|Lowest Recommended Age:||4th - 6th Grades|
|Nudity/Sex:||Oblique and light-hearted references to everything from transvestism to impotence.|
|Alcohol/Drugs:||Sugar drinks when she is unhappy|
|Violence/Scariness:||Off-screen gangland slaying, characters in peril|
|Diversity Issues:||A theme of the movie|
|Movie Release Date:||1959|
Plot: In the first moments of the movie, what appears to be a hearse turns out to be carrying bootleg liquor, and we are prepared for a movie in which nothing will be what it seems and nothing will be treated very seriously. It is the 1920s, during Prohibition, and Joe (Tony Curtis) and Jerry (Jack Lemmon) are two musicians who play in a speakeasy. When they accidentally witness the St. Valentine’s Day massacre of a group of bootleggers by Spats Columbo (George Raft) and his mob, they have to hide out. So they accept a job with a band on its way to Florida — an all- girl band — and they dress as women, calling themselves “Josephine” and “Daphne.”
On the train, they meet the rest of the band, including lead singer Sugar Kane (Marilyn Monroe). Both men are very attracted to her. She quickly becomes friends with “Daphne” and they have a late-night pajama party. But when they get to Florida, Joe adopts yet another disguise, this time as a wealthy bachelor. Meanwhile, Osgood (Joe E. Brown), a real wealthy bachelor, is interested in “Daphne.” Joe gets “Daphne” to distract Osgood so he can use Osgood’s yacht for a date with Sugar.
Meanwhile, Spats and his gang arrive at the hotel for a conference with other gang leaders that results in even more bloodshed. Joe realizes that he does not want to mislead Sugar anymore and sends her a diamond bracelet (from Osgood) and a farewell note. But, seeing her sadness, he is overcome and kisses her, forgetting that he is dressed as Josephine. She runs after them, and joins Joe, Jerry, and Osgood as they escape on Osgood’s boat.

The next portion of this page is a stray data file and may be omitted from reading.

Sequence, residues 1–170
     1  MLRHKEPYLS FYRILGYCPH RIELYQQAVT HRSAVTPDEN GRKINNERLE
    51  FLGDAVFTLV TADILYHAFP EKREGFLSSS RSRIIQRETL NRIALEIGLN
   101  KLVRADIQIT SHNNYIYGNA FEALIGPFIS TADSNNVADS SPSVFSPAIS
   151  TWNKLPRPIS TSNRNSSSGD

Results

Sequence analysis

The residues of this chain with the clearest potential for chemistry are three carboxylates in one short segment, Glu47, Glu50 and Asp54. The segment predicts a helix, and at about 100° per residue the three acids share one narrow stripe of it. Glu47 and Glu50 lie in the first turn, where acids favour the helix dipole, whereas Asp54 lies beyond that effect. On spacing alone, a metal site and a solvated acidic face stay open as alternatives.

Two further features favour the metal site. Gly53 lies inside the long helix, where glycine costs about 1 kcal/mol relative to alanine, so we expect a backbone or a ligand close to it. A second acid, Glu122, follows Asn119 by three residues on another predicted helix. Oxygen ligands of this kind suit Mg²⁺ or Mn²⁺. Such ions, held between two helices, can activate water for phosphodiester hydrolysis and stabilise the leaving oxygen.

Discussion: This is one of the wildest farces ever filmed, but it has a lot of heart as well, with brilliant performances by all three stars. Monroe is heartbreakingly vulnerable as Sugar, explaining that she always gets “the fuzzy end of the lollypop.” Joe must become someone else in order to learn the truth about Sugar (who would never have confided in a man) and about himself (as he sees the consequences of his exploitive behavior and feels what it is like to have men try to force their attentions on him). Jerry, hilariously, turns out to be as suggestible as a woman as he was as a man. As himself, he ends up going along with whatever Joe tells him. In women’s clothes, he starts to think of himself as a woman. The scene where he tells Joe he and Osgood are engaged is a classic.
Questions for Kids:
· How does Joe change, and what makes him change?
· What does he learn from being dressed as a woman?
· How do Joe and Jerry react differently to dressing as women?
· How does Sugar behave differently with “Junior” and “Josephine”?
Connections: Other movies with male characters disguising themselves as women include the venerable “Charlie’s Aunt,” filmed seven times, including a musical version with Ray Bolger, and “Tootsie,” with Dustin Hoffman (rated PG, but with mature themes). Curtis and Lemmon also appeared together in “The Great Race.” George Raft engagingly spoofs his tough guy performances in 1930s gangster movies, even repeating his coin- flipping habit from “Scarface.”